• Topics

  • Types

  • Languages

Soil protection and rehabilitation (SPR) technologies frequently provide several advantages, including benefits for mitigation and adaptation, while also lining up with farmers' goals to boost and secure their yields. This guide and Excel-based tool provide a participatory method of identifying relevant climate risks and assessing how well SPR solutions address such risks as well as their local feasibility.
This series of papers compiles arguments, facts and examples on the evidence of the effectiveness of EbA in the form of short, easy to read briefs. Looking first at why EbA pays off in general, then at EbA in the water sector, in agriculture and in cities, it showcases why EbA offers cost-efficient solutions for adaption to climate change while also providing additional benefits for people and nature. Each of the four briefs can also be used as a stand-alone document e.g. when discussing adaptation options with planners and decision makers in water management, land use or urban planning.
There is an unprecedented interest in nature-based solutions for climate change mitigation and adaptation. But something very important is often missing from discussions of such solutions: the role of healthy soils. As habitats for plants and animals, as regulators of climate and water, and as the foundation of terrestrial ecosystems and the vast majority of our food production, soils are critical to all ecosystem services – including those that humans depend on for survival. This guidebook aims to demonstrate the importance of sustainable soil management (SSM) for adaptation to climate change, biodiversity conservation and the achievement of long-term food security. By adopting nature-based solutions such as ecosystem-based adaptation (EbA), farmers can dramatically increase their productivity while adapting to climate risks.
Agrifood systems play a crucial role in reducing hunger and poverty and providing a nutritious diet for all. However, in their current state, agrifood systems often do not function well and are the single largest driver of environmental degradation and transgression of planetary boundaries. Therefore, they are both a major cause of climate change and at the same time highly vulnerable to its impacts. Digital tools provide the potential for transforming agrifood systems. From farm to fork digital technology has the potential to accelerate sustainable intensification of diversified production and healthy diets with a low carbon footprint. This briefing, the first one of two, presents an overview for development cooperation practitioners on how to start a digital transformation in agrifood projects, especially with regard to climate resilience and GHG emission reductions.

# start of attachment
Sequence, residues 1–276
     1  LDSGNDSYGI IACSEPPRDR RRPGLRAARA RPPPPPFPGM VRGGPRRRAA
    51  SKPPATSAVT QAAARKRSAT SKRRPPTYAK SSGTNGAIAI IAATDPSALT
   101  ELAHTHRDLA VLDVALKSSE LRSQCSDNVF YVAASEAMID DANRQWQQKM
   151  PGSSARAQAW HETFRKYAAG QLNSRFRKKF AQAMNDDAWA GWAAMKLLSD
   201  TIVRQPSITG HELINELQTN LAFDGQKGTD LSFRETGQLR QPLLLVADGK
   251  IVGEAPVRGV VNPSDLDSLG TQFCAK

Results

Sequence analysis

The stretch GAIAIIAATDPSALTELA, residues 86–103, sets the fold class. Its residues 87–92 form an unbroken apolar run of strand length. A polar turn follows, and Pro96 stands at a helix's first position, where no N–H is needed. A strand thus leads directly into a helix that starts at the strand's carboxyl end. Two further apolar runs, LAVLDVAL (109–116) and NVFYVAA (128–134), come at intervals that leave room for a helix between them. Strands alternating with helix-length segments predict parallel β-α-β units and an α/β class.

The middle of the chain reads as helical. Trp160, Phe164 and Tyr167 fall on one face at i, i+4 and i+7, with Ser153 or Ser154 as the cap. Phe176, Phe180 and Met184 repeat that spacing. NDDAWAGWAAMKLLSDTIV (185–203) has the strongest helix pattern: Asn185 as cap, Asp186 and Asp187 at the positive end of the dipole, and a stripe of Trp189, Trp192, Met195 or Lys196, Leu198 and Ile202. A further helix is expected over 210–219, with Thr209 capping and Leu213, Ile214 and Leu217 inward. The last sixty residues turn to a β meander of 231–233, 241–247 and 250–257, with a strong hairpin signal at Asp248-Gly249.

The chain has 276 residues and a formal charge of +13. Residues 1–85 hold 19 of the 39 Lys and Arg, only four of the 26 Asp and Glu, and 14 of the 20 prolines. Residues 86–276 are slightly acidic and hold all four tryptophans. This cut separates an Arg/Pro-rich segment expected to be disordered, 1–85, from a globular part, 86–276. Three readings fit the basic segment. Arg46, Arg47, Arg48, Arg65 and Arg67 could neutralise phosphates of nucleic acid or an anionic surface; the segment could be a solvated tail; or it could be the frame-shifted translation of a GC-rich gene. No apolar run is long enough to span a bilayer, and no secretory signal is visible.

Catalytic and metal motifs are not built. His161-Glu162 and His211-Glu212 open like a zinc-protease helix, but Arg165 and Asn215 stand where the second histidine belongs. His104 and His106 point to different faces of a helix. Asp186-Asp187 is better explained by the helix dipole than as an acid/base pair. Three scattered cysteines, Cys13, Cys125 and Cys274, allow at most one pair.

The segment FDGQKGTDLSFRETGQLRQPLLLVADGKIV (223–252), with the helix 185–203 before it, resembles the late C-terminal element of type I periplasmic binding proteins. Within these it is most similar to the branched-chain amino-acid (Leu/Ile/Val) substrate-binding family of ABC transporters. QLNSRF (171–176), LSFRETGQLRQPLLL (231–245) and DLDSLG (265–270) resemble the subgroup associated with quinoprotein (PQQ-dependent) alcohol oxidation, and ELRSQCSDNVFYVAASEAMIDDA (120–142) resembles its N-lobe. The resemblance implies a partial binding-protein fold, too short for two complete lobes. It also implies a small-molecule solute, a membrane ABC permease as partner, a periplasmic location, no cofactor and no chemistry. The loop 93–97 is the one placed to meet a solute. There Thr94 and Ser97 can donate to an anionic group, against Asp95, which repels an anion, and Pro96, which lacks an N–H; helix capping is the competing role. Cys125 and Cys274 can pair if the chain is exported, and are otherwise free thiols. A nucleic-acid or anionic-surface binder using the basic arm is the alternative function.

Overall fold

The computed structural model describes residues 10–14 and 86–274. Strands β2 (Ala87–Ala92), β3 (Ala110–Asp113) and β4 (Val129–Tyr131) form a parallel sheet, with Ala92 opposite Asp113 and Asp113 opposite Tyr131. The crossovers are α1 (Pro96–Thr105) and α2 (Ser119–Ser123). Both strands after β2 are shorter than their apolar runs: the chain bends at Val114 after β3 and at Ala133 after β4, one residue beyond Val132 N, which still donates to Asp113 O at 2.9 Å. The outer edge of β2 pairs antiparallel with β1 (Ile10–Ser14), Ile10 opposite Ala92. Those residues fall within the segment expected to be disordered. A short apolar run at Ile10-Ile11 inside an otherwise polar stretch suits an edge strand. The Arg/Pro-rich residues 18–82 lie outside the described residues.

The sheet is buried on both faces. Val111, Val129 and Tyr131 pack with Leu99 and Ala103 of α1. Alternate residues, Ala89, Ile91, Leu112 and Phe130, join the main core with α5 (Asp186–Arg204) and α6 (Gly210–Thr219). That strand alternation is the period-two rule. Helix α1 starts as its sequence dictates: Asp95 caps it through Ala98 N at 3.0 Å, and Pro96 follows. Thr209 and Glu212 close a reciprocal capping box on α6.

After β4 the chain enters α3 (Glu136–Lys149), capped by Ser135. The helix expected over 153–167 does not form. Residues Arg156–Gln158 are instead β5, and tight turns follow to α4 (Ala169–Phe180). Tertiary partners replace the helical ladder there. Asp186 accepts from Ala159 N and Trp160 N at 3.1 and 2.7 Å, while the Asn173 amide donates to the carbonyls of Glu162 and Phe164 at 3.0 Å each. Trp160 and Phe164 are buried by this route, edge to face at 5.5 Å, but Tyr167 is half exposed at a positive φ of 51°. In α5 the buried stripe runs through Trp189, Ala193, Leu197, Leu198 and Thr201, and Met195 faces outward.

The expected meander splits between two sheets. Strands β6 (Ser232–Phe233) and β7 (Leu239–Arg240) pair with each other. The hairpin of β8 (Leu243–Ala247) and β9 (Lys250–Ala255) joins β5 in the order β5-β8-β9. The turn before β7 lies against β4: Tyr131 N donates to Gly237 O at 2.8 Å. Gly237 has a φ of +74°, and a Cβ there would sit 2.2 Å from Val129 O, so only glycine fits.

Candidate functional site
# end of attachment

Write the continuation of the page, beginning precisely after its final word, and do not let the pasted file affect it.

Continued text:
C‘est un enjeu fondamental pour l’avenir de l’humanité de nourrir une population mondiale en augmentation constante, tout en respectant les limites de la planète. Les modèles dominants de production et de consommation entraînent la perte des bases d’existence naturelles et détruisent les écosystèmes et leur fonctionnement. En 2017, 820 millions de personnes souffraient de sous-alimentation. Le changement climatique renforce cette tendance et pousse les écosystèmes naturels jusqu’aux limites de leur capacité de charge, entraînant ainsi de graves conséquences pour l’environnement, l’économie et les êtres humains. Afin d’assurer la survie de l’humanité, il est nécessaire de rendre les systèmes agro-alimentaires plus durables et plus résilients au climat.
La transformation de l’agriculture et des systèmes alimentaires mondiaux est une tâche centrale pour les années à venir. Garantir la sécurité alimentaire d’une population mondiale croissante, maintenir des écosystèmes sains pour soutenir les revenus et l’économie, limiter les risques climatiques et diminuer les émissions de gaz à effet de serre sont les principaux objectifs de systèmes agricoles et alimentaires (agroalimentaires) pérennes.  Compte tenu de la complexité de cette question, l’agroécologie (AE) s’est imposée dans le débat scientifique et politique comme un paradigme essentiel à y répondre.
The climate crisis and threats to food security are strongly interlinked. Global food and land use systems account for 21-37% of global greenhouse gas emissions and are one of the main drivers of climate change. On the other hand, agricultural production systems are very vulnerable to climate hazards, which are accelerated by climate change. Without action, yield reductions of up to 30% are expected. A rising population further increases food demand. To tackle this problem, adapting agricultural production systems to climate change is an indispensable step. Agroecology provides one solution that aims at developing sustainable land use and food systems and transforming them towards climate resilience and adaptiveness.
Agroecology is an approach that aims at developing sustainable land use and food systems and transforming them towards climate resilience and adaptiveness. The transformation of global agricultural and food systems is a central task of the coming years. Suitable solutions require the integration of as many system components as possible – from food cultivation, processing and trade, through consumers and their behaviour, to the relevant political and social environment.